– Todd D Clark (The Fantasy Fix)

Josh Jacobs (RB – LV): ADP – 16th Overall | RB9
“If we compile a list of RBs with the potential to disappoint in 2020, Jacobs certainly isn’t as obvious of a choice as others such as Todd Gurley, Leonard Fournette, and Le’Veon Bell. That said, I don’t share Jacobs’ optimism for a significantly increased passing-game role (60 catches is his goal) as the Raiders’ moves to re-sign Jalen Richard, draft Lynn Bowden Jr. (and make the ex-receiver a running back), and sign third-down back Theo Riddick recently suggest otherwise. While I have Jacobs projected for the seventh-most touches in 2020, I only have him projected to score the 16th-most half-PPR fantasy points and that makes him a little too rich for my taste at his current RB9 ADP.”
– Kevin Hanson (EDSFootball)

Chris Carson (RB – SEA): ADP – 34th Overall | RB16
“Coming up with a bust inside the top 50 in ADP is extremely difficult. I really think that barring injury or COVID-related missed games, everyone should perform at or around their current draft cost. However, the one player that I haven’t drafted at all in well over 100 drafts is Carson. He has had two great seasons, but let’s not forget, he was a late seventh round (7.31) draft pick, he’s on the last year of his rookie deal, and is coming off a hip injury in a limited-contact offseason. He’s had a history of fumbling issues that thus far hasn’t really affected his playing time, but Seattle signed one of the most reliable backs in the league in Carlos Hyde. Carson has missed nine of 11 practices thus far due to very valid personal issues. He should be fine to go Week 1, but there’s just enough there to keep me from drafting him near his current ADP.”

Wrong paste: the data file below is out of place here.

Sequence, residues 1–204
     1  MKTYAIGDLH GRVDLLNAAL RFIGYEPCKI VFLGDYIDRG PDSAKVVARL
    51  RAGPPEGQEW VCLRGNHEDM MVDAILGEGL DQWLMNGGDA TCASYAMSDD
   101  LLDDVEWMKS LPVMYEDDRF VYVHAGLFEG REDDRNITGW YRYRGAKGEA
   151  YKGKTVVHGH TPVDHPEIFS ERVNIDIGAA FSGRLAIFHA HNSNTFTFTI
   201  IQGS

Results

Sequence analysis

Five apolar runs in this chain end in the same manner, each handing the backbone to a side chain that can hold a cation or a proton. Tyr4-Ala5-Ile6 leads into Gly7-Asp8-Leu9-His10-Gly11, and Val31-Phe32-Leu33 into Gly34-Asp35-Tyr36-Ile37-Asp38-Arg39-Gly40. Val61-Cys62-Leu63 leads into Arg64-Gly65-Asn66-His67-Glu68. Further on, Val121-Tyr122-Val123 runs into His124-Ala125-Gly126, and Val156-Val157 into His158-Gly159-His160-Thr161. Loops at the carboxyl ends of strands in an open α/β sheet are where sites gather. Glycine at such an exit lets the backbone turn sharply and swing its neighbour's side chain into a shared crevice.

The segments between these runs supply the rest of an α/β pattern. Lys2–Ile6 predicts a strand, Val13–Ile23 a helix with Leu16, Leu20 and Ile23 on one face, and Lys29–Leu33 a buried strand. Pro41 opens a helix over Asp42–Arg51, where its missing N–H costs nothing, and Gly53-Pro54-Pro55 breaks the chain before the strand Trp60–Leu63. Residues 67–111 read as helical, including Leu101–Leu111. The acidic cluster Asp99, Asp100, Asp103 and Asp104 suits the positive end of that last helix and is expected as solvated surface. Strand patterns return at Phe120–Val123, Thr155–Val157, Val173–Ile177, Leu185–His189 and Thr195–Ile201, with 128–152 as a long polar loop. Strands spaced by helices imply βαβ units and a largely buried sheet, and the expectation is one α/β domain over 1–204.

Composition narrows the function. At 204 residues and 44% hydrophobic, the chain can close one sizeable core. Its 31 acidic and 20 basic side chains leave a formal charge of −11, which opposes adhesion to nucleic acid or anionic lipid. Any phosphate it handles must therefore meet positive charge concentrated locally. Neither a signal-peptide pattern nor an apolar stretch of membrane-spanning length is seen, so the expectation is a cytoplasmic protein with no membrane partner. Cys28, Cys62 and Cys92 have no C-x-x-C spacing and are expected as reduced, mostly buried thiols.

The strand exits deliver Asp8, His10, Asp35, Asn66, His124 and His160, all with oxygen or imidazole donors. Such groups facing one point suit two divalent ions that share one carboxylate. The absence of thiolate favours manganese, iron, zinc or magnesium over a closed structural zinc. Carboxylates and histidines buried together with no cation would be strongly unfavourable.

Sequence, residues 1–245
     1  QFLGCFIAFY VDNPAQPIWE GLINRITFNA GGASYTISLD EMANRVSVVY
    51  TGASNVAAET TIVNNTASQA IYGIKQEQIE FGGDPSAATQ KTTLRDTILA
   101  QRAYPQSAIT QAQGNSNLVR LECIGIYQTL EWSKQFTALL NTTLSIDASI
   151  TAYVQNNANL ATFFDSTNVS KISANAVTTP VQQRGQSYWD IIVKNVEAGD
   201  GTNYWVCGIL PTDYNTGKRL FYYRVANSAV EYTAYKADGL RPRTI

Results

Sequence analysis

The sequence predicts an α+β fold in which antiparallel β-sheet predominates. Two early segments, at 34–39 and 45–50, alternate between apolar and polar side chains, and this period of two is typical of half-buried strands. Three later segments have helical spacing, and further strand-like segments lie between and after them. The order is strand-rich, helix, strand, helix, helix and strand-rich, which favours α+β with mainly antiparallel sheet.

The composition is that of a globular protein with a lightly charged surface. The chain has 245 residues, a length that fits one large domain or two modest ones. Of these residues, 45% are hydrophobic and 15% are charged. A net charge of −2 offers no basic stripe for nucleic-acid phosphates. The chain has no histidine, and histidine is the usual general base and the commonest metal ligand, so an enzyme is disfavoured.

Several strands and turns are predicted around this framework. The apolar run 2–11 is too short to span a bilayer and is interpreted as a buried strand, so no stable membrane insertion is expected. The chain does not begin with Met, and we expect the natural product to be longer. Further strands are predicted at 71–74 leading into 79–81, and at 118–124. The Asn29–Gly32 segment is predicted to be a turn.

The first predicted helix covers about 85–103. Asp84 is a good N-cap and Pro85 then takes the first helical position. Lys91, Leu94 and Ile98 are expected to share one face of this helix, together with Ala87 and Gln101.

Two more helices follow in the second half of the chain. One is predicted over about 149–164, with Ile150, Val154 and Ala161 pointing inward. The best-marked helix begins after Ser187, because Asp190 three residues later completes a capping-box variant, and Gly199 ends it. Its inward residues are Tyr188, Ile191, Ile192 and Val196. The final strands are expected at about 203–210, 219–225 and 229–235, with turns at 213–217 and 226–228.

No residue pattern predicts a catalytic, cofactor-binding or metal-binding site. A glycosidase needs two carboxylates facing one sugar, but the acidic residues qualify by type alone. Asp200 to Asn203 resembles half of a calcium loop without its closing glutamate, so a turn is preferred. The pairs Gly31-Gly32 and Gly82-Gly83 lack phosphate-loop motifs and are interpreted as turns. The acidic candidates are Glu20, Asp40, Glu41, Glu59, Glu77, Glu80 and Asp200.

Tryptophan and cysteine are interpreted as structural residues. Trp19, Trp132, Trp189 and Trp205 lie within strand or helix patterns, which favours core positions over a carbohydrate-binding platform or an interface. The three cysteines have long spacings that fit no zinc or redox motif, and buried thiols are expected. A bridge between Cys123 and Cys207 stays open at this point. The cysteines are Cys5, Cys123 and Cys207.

– Kevin Wheeler (Draftwize)

Dak Prescott (QB – DAL): ADP – 47th Overall | QB3
“I understand the reasons for taking Lamar Jackson or Patrick Mahomes early, but that second tier of quarterbacks is so deep that it is a waste to draft Prescott at his current ADP of 47. Fantasy owners could grab a legitimate WR2, like Keenan Allen, D.J. Chark, or Robert Woods, all of which are going after Prescott. Owners could wait an extra 40 picks for a player like Carson Wentz, who is not much of a drop-off from Prescott, if at all. ”
– Zach Brunner (FlurrySports)

Thank you to all the experts for naming their players that you’ll regret drafting. Be sure to give them a follow on Twitter for more great advice. Also, please check out our latest podcast episode below.